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Central London will never return to normal, says NatWest chairman

·4 min read
City
City

The number of people working in central London will never return to pre-pandemic levels because employees will not come back to the office five days a week, the chairman of one of Britain's biggest banks has warned.

In stark contrast to Boris Johnson and Rishi Sunak's hope that city centres will roar back to life, Sir Howard Davies has argued that the era of daily commuting is over for good.

"The days when 2,500 people walked in through our office door at Bishopsgate at 8.30am and then walked out again at 6pm, I think that is gone," the NatWest chairman told Bloomberg.

Unlike Wall Street banks that have forced staff back in and maintained that home working would never be permanent, British banks are calling time on office life and some have already begun slashing office space.

"We are looking at having a minimum expectation of a few days a month where people will definitely have to be in the office, and then it will vary by teams, but I suspect there won’t be many people doing five long days in the office," Sir Howard said.

NatWest
NatWest

His comments will come as a blow to ministers hoping that the end of Covid restrictions would mean a return to office life.

Many companies have already made their decisions on future working life. HSBC, Europe’s biggest bank, said earlier this year that it would axe 40pc of its global office space while Standard Chartered has also told its 75,000 employees they never have to go to an office again.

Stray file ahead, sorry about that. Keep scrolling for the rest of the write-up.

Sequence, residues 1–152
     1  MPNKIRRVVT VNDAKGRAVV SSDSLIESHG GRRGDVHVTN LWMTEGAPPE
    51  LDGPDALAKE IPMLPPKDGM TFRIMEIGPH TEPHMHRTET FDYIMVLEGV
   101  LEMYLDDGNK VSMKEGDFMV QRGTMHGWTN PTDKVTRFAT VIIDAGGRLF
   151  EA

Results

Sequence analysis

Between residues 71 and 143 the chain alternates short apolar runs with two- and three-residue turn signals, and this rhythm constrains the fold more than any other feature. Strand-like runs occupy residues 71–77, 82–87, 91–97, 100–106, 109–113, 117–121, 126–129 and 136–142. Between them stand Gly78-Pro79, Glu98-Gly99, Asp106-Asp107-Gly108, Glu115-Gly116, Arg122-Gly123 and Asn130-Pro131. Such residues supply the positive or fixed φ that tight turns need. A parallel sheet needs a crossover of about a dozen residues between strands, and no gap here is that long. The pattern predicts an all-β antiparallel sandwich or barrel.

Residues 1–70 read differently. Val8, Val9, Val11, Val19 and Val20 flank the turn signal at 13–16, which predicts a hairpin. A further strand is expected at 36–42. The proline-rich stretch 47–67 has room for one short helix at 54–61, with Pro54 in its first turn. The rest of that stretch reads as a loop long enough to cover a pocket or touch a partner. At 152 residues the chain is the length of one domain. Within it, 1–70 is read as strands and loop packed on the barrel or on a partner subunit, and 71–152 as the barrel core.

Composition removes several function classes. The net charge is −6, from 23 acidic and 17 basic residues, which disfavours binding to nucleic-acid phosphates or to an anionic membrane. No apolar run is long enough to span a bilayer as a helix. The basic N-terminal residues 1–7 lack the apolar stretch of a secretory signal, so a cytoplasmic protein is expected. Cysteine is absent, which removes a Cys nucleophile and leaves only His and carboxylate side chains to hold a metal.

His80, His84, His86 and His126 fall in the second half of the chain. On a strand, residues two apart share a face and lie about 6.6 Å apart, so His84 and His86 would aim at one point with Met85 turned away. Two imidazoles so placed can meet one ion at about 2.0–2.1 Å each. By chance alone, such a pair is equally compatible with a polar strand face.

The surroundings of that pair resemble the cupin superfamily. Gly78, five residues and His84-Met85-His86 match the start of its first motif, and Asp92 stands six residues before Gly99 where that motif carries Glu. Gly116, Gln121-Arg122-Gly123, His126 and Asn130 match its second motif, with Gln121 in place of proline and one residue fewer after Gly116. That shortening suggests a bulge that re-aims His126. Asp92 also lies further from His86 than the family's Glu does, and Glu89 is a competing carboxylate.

Major City employers such as Aviva, Deutsche Bank and Lloyds have also laid out plans to slash office space and shift to remote working.

But the Chancellor, Rishi Sunak, has been rallying Britons to return to the office, arguing that it was "really important" for younger staff.

Bruce Carnegie-Brown, the chairman of Lloyd's of London and vice-chairman of Santander, said he thinks the "never return to normal" forecast was "too alarmist", but conceded that there would be changes post-pandemic.

"I’m not worried about the future of London. It’s been around for over 1,000 years and has adapted to crises which were far more significant than this pandemic: plague, Great Fire, cholera, Blitz," he said.

"I think all businesses should be trying to retain the benefits of a hybrid working model, which will include more working from home than pre-pandemic, but I think it’s too early to judge how this might evolve. I don’t see any real migration back to the work place happening until September."

The long-awaited "freedom day" has not been the liberation many had hoped for, with Sage warning that daily deaths could rise to 200 while Professor Neil Ferguson, the scientist behind the lockdown strategy, has said it is “almost inevitable” that daily infection rates will exceed 200,000.

The spike in cases has left employers in an uncomfortable position. Many young people have not been fully vaccinated while others fear having to isolate, meaning those forcing a return to the office are likely to face a backlash.

Sir Patrick Vallance said during a Downing Street press conference this week that hospitalisations from Covid could reach 1,000 a day while the US has told people not to travel to the UK amid rising cases.

On Tuesday the chief executive of UBS, Ralph Hamers, said its investment bankers would be able to work part of their time from home under a new, permanent hybrid model.

Even clients of Switzerland's biggest bank have said they prefer holding some meetings online, he said.

“Traders are clearly part of the 25pc to one-third of the roles for which it is really difficult to work from home,” Mr Hamers told Bloomberg. “But beyond that, there’s two-thirds to 75pc of our roles that can be performed in a mix of working from home and working in the office.”

UBS is allowing at least two-thirds of its employees to opt for hybrid working as it seeks to cut costs and gain a recruitment edge over US rivals taking a more hardline approach.

Has the pandemic ended the era of daily commuting for good? Share your view in the comments section below